Developing self-control in preschool children through correspondence training

Paul Karoly, Martha J. Dirks

Research output: Contribution to journalArticlepeer-review

34 Scopus citations


Twelve inner-city preschool children experienced one of two training procedures designed to establish correspondence between their verbalizations about behavioral self-control and execution of a self-control task. The children played the Scarecrow Game which involved the prolonged extension of their arms at their sides. The game is an analog of a "tolerance" type self-control situation. Group 1 experienced a saying (intention) then doing sequence. Group 2 was trained via a doing then saying (reporting) sequence. The experiment was conducted in three phases over 22 days. Both groups showed an increase over baseline in verbalization and play with the game, although reinforcement of verbalization alone did not produce an increase in self-control activity. A significant increase in correspondence did occur in both groups when a snack was delivered contingent upon the matching of verbal report to actual performance. In addition, the level of correspondence exhibited by the say-do group exceeded that of the do-say group.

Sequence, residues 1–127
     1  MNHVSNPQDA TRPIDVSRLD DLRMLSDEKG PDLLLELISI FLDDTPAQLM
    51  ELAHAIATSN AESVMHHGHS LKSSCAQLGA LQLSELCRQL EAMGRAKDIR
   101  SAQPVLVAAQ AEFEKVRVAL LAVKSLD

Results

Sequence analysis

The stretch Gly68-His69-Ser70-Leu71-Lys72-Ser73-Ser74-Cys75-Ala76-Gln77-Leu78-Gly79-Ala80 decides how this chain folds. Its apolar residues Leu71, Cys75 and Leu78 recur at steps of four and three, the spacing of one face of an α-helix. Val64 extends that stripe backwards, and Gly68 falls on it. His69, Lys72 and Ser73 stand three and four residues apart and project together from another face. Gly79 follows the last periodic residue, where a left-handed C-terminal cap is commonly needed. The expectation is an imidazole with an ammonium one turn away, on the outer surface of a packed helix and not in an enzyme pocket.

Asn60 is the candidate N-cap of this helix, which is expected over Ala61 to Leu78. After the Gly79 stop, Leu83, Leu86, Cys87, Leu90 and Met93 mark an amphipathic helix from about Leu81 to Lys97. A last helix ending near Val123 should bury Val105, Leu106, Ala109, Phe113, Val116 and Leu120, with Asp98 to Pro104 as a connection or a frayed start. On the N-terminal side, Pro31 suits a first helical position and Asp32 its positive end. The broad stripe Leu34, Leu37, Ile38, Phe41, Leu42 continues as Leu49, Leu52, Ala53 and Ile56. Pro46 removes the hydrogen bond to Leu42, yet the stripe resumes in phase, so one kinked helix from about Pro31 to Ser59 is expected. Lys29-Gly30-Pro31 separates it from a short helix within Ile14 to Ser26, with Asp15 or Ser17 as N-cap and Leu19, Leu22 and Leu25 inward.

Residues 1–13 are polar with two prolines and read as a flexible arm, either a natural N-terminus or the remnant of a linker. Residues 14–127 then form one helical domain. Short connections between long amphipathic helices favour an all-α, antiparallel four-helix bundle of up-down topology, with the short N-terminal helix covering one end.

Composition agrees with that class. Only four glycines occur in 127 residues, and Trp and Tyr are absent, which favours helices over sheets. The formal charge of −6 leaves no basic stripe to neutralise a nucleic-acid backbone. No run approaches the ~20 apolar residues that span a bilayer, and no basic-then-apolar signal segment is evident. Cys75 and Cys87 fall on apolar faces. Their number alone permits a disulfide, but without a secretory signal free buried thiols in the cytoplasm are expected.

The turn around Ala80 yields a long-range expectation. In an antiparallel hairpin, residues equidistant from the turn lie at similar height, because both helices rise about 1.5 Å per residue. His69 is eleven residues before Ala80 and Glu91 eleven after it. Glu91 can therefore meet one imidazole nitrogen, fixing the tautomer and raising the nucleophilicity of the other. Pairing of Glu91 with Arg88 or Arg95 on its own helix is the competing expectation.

Original languageEnglish (US)
Pages (from-to)398-405
Number of pages8
JournalBehavior Therapy
Issue number3
StatePublished - Jun 1977
Externally publishedYes

ASJC Scopus subject areas

  • Clinical Psychology


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